In May 2018, I defended my dissertation on the textual and physical representations of grief in medieval accounts of child death. Afterwards, I continued to freelance, but without the support of graduate funding, I eventually sought out a more consistent form of income. With sparse listings in the academic job market, I looked for a variety of history-related positions and noticed a part-time job opening, involving educational programming, at The State Historical Society of Missouri in Columbia. At first, I didn’t think that I would qualify for the position because I did not study Missouri history, but I decided to apply for the job anyway, since I did have experience writing, researching, organizing history conferences, and planning history outreach events. Later that summer, I was offered the position and eventually moved into a full-time role until July of 2020. Through this role, I was able to combine my love of history and archaeology and continue to promote the importance of historical preservation. I researched and designed exhibits about Missouri history based on local collections and implemented outreach programs geared towards youth, adult-learners, faculty, and students. I also served as the coordinator for the National History Day in Missouri program and organized the Society’s annual history conference, The Missouri Conference on History, which encourages the participation of all scholars, including medievalists.
Even though I did not follow the traditional tenure-track trajectory after the PhD, I continue to call myself a medieval historian. I publish essays, keep up with languages, present at conferences, and continue to work on edits for my manuscript. More recently, I’ve had the opportunity to be a part of the Ad Hoc Committee for Professional Diversity and to participate in the Medieval Academy of America Graduate Student Mentorship Program for the International Medieval Congress at Leeds.
Working at the Historical Society and freelancing allowed me to set aside time so that I could keep up with my research and remain active in the field. My work at the Historical Society, specifically, gave me a chance to bring awareness to medieval studies through National History Day in Missouri and The Missouri Conference on History. National History Day in Missouri is a program designed to encourage the study of history in grades 6-12. Students can research any topic of their choosing (as long as it relates to the yearly theme) and display their findings through websites, documentaries, exhibits, papers, or performances. Their projects then compete at the local, regional, state, and national level. I worked with students on projects centered on The Black Death and The Wars of the Roses, as well as with educators to add medieval resources to their curricula. In addition, I was able to work with medieval scholars at The Missouri Conference on History and actively promote the participation of medieval studies students on the European Panel.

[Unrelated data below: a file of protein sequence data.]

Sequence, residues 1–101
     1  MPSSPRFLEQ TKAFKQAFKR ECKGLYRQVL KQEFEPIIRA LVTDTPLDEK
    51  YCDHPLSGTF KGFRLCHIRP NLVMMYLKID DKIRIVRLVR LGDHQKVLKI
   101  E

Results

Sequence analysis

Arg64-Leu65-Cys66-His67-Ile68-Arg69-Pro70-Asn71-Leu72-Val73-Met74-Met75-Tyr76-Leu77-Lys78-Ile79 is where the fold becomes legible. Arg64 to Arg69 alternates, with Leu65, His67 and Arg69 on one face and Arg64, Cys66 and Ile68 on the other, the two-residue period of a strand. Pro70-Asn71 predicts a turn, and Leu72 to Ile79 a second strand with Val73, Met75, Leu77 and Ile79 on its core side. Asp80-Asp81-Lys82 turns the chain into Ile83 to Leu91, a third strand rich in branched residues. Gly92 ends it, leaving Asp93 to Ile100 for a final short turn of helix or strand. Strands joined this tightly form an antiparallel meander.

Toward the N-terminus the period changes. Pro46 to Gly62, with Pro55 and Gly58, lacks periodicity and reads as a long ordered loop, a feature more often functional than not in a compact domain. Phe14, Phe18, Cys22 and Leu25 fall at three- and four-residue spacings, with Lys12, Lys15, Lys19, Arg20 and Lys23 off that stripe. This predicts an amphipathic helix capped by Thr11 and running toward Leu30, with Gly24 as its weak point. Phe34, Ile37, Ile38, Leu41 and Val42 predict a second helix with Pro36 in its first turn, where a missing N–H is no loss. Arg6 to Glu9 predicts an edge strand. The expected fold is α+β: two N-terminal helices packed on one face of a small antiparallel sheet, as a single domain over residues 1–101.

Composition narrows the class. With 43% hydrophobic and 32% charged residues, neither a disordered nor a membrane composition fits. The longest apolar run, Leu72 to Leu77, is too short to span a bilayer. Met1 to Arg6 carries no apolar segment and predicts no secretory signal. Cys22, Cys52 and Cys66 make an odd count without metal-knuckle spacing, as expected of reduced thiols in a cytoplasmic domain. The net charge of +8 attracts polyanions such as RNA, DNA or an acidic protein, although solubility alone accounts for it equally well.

My goal has always been to teach and get people excited about history, both through textual and material analysis. Through my experiences freelancing and in educational programming, I realized that teaching comes in many forms and that jobs outside of academia can be used in conjunction with the university classroom to reach wide and diverse audiences.
My advice to those seeking jobs outside of academia or to those who are currently on the job market is DON’T LOSE HOPE. While the job market may seem overwhelming, medievalists have skills that are marketable for a variety of careers that will allow them to participate in the field and contribute in exciting ways. If and when it is possible, intern at museums and galleries, volunteer at historical societies and libraries, and explore the world of digital humanities. Not only will these be great opportunities to add to your resume and to see what type of work you enjoy, but you never know who you will meet and where these experiences can lead you in the future..